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profession have our own dirty little secret: We are remarkably ineffective in dealing with fraud. There may be an excellent reason for this failure. Perhaps it cannot be done. Fraud, like murder and sin, has been with us throughout recorded history. It is part of the human condition. Eons ago, it is highly probable that one prehistoric man traded a club to another prehistoric man for some berries, knowing the club had a crack in it, but failing to tell his partner. A fraud was committed—perhaps two, for the berries may have been spoiled.
We can argue, successfully, that we are not ethicists, educators, lawmakers, human resource executives, or persons of the cloth. We are not in the morals business; we are in the investigations and prevention business. As far as that goes, it is true; however, I suggest that as a profession we need to do more, lest we cede the field to the others named or be relegated to the role of the people who follow the elephants in the parade with brooms and shovels. We need to become researchers, thinkers, experimenters, writers, rabble-rousers, and seekers of truth wherever we find it. We need to think deeply about what we do and why it happens in the first place.
In short, we need to devote more time to the improbable goal of putting ourselves out of business. It will never happen, but it is a worthy goal for any profession, ours included. To be free of disease, hunger, crime, and strife is the ideal of every civilized society. We will not see it in our lifetime, but that is not the point. If we have such ideals as goals, it is more likely that we will get closer to them than if we do not.
Speaking to this point, and cautioning that such activities cannot occur in an organizational vacuum, Erroll J. Yates, former chairperson and managing director of Kodak Limited, U.K., offered the following observation in Internal Auditor magazine in 1977:
The Institute of Internal Auditors has published aims for the development of internal auditing. Its plans for education and research clearly demonstrate a growth in status.... All professions need such a foundation of technical excellence if they are to grow. But technical excellence is in itself not sufficient to guarantee growth. Those whom the profession serves must also support it. And that support should come from the highest level.3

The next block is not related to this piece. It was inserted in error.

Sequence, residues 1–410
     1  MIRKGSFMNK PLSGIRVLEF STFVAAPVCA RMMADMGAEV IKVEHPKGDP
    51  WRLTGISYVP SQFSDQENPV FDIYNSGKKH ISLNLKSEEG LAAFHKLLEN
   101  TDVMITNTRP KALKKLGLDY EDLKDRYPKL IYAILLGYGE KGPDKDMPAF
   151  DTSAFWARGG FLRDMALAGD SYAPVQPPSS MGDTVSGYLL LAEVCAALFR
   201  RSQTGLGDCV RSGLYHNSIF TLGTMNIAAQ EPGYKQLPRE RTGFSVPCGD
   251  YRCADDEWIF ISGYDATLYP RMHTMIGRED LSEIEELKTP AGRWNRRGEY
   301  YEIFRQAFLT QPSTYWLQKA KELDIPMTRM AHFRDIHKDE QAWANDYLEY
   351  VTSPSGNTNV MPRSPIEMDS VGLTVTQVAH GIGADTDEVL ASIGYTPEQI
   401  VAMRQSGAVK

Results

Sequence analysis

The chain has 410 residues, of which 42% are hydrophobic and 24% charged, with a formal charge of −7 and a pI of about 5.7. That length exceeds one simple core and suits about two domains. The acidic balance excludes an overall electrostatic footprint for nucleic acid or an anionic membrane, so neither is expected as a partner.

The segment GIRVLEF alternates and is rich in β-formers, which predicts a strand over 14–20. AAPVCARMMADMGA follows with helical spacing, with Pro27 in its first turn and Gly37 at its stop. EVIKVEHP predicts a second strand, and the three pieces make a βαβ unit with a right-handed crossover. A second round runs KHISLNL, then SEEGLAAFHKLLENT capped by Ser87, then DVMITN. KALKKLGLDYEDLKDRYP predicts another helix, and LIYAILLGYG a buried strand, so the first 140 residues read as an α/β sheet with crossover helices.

I am primarily directing this work to those who are auditors, investigators, and compliance professionals in organizations, and others interested in workplace fraud, for three reasons: (1) you are the majority of the professionals in the field; (2) organizations are where most of us live and spend our professional lives; and (3) the ills of society, and the acts of fraudsters preying on other individuals, are beyond my mental radar range. Would that we begin to deal with the issues that occur in our organizational homes before we extend our efforts to the society at large. We have more than enough to do at home, right now, to keep us busy for a very long time.
It is also my fervent hope that some outside the immediate field of forensics will also find this work of interest. You should. It is not only our assets that are at risk, but yours—be you employee, shareholder, taxpayer, retiree, executive officer, or member of the board. In calling our collective lack of success a dirty little secret, I seek to grab the attention of my fellow forensic professionals, but our secret is a sticky one, and it clings to all who touch it. If you have accepted, tolerated, ignored, rationalized, or chosen to remain ignorant about fraud in the workplace, then you, too, share in the secret and are part of the problem. You are also a valuable ally as we seek to move forward. Welcome aboard.
In beginning to think about fraud in the workplace, or occupational fraud, it is important to understand three things: what it is, what it is not; and why it is important.
Occupational fraud occurs millions of times a day in the United States. Much of it is trivial and petty, but it is cumulatively expensive nonetheless. Such acts include showing up late for work, making personal telephone calls against company policy, removing supplies for home use, taking long lunch breaks, calling in sick, and copying personal papers on the office machine. These acts are important in the aggregate, but the focus of this book will not address them in great detail. Such transgressions are important to “slippery slope” and “broken windows” theorists and, in that regard, are the essential bedrock of an organizational compliance program based on those concepts. We shall discuss in more detail how such constructs operate and why focusing on small acts may help prevent bigger ones. At the same time, we shall also explore organizational issues to be considered when crafting a compliance program around such ideas.
We will spend the majority of our time exploring issues pertaining to more egregious forms of occupational fraud—willfully crafted schemes by which dishonest members of the organization loot its assets. They may do this through kickbacks, large-scale diversion of goods and services, creation of ghost vendors and employees, or hundreds of other techniques. Certainly, some of the petty offenses may grow into major league proportions. The employee who removes a few pens each week for home use may graduate to taking out a trunkload of supplies each day and selling them on the black market. In that regard, we must pay due heed to the “slippery slope” and “broken windows” theorists.